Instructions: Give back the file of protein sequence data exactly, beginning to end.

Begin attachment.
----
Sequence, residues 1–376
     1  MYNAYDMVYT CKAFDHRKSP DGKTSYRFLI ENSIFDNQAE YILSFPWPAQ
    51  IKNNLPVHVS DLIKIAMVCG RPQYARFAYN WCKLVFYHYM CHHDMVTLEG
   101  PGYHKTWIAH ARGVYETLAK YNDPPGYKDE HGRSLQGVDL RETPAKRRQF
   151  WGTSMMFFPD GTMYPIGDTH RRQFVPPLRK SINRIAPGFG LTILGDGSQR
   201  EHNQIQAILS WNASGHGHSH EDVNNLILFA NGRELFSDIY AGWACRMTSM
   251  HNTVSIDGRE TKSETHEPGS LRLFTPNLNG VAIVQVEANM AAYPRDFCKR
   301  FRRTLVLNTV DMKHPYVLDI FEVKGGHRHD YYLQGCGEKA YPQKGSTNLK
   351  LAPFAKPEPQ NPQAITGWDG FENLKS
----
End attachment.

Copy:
Sequence, residues 1–376
     1  MYNAYDMVYT CKAFDHRKSP DGKTSYRFLI ENSIFDNQAE YILSFPWPAQ
    51  IKNNLPVHVS DLIKIAMVCG RPQYARFAYN WCKLVFYHYM CHHDMVTLEG
   101  PGYHKTWIAH ARGVYETLAK YNDPPGYKDE HGRSLQGVDL RETPAKRRQF
   151  WGTSMMFFPD GTMYPIGDTH RRQFVPPLRK SINRIAPGFG LTILGDGSQR
   201  EHNQIQAILS WNASGHGHSH EDVNNLILFA NGRELFSDIY AGWACRMTSM
   251  HNTVSIDGRE TKSETHEPGS LRLFTPNLNG VAIVQVEANM AAYPRDFCKR
   301  FRRTLVLNTV DMKHPYVLDI FEVKGGHRHD YYLQGCGEKA YPQKGSTNLK
   351  LAPFAKPEPQ NPQAITGWDG FENLKS